Monday, March 27, 2023

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Letters | No justice in child sex prosecutions

In the Aug. 21, 2021, article from Indian Country Today titled “Little justice for child sex abuse victims in Indian Country,” the author highlights the legal issues that hinder the successful prosecution of accused child sex abusers.

The end result being that there were no results. Just failed altogether. The abuser is still in close proximity to the victim with no justice for the victim.

Sexual child abuse is part of the list in the Major Crimes Act and prosecuted by federal prosecutors. The problem I have with this scenario is that, since 2011, the FBI “administratively closed” 1,900 cases because they “fail to meet evidentiary or statutory requirements.”

Most of these cases took five years or more and then dismissed. That means victims came forward and identified their abuser but the abuser walked free because case was dismissed. This continues to traumatize the victim and the family.

Justice did not prevail.

The 1,900 cases dismissed in a 10-year period. That’s 190 cases per year. That’s 15.8 per month for 10 years!

Those are the ones that had the courage to report – no justice!

We should allow our tribal courts to handle these types of cases so that families can receive some justice in a timely manner and the perpetrators can be punished.

Our Navajo courts can handle prosecution. I have confidence in their ability.

Navajo Nation courts has its FY 2022 first quarter statistics online for caseloads for each judicial district. The types of cases are categorized with the number of cases filed, pending and closed. You can see how your judicial district is doing. They even have the number of fines collected.

I encourage you to read the Navajo Nation judicial reports and the article. The conclusion I gather is that Navajo Nation has the means to take on new jurisdictional responsibilities and the federal courts are failing.

In the federal system, it seems that it is rare that proper justice is delivered to violators of the law. In fact, once the case is dismissed then the abuser in some cases is allowed back into the house. That should not happen!

President Nez and 24th Navajo Nation Council, you have the authority to enforce and strengthen the laws. Which one of you will pick up the torch and carry it forward?

Carry this thought: Abusers are allowed to roam freely on the Navajo Nation with no fear of prosecution because the jurisdiction that handles these cases is failing.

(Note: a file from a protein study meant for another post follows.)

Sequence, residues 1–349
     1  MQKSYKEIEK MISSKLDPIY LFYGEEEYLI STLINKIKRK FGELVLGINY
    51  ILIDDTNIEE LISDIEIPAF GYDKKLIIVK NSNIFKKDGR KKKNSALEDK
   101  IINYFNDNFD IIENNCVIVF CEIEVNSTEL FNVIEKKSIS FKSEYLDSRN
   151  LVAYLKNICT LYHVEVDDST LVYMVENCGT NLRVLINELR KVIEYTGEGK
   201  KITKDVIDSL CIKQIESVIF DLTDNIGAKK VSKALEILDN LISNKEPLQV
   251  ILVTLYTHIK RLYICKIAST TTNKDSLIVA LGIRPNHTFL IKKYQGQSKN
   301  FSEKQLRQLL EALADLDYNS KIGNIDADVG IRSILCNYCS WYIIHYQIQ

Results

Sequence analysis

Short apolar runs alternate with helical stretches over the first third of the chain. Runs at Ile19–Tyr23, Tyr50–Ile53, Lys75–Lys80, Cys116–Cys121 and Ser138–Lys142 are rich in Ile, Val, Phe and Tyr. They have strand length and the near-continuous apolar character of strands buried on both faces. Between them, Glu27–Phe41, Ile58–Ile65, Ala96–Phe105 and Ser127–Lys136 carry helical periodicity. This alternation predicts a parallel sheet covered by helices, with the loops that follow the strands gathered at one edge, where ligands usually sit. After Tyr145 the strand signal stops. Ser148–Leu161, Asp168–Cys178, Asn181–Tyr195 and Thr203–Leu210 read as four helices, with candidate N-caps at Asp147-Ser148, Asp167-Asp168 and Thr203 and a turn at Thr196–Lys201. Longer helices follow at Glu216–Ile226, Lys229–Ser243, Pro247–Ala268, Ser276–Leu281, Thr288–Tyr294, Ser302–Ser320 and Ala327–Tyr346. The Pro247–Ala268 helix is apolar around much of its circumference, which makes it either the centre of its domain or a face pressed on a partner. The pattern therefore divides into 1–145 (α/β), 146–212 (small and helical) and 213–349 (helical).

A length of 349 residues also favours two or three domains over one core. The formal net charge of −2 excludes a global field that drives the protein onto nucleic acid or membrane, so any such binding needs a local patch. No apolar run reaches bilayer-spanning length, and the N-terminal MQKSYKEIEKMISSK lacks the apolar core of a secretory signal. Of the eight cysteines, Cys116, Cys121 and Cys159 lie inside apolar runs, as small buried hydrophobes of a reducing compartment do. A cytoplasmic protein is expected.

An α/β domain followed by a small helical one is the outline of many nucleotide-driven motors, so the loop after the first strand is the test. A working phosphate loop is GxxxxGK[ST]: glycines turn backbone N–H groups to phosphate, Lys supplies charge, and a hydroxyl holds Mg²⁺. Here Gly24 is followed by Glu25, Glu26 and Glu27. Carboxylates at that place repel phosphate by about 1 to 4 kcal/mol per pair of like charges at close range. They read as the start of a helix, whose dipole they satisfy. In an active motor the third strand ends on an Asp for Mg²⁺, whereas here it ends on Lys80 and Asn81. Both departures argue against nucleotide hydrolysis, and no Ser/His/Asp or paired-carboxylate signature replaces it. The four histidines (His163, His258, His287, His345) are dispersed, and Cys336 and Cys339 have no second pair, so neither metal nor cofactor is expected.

There is the statement from the article from Dr. Renee Ornealas, from Tséhootsooí Medical Center in Fort Defiance, when she says, “And there’s a lot of offenders out there who get to re-offend and move on to other children in the family.”

President and 24th Navajo Nation Council, you have the authority to ask why did 1,900 cases get dismissed or fall through the cracks?

Voters need to hear from our leaders about the actual changes and enforcement in the law that allow for better protection for our kids.

I can tell you what I want to hear. The first change I want to hear is that the Navajo Nation has taken a stronger step and taken the jurisdiction to prosecute from the feds and brought it back home.

Then, I want see the nation taking the lead in prosecuting these abusers and keep them away from their victim.

Change the law! Strengthen the law! Our kids need protection!

Need better prosecutors? Allocate more funds. Do better recruiting. Give the prosecutors’ confidence in the law they will be defending.

Need more money for better prosecutors? Then generate more revenue or eliminate the positions that been left vacant for a number of months. Reallocate those dollars for a higher salary for prosecutors.

We have new jails and courtrooms coming (federal dollars). There are Navajo communities that can prosecute locally with local tax dollars. There are tangible results that can be had if you try.

No change in the law? Then you’re not trying. Keep going till you find the right combination.

The next time the author writes a follow up on the article, “Little justice for child sex abuse victims in Indian Country,” the article should read, “Justice prevails as Navajo Nation takes huge step to protect kids.”

Voters, if we want to be a strong Navajo Nation then let’s be a strong Navajo Nation. Hold your elected leaders accountable.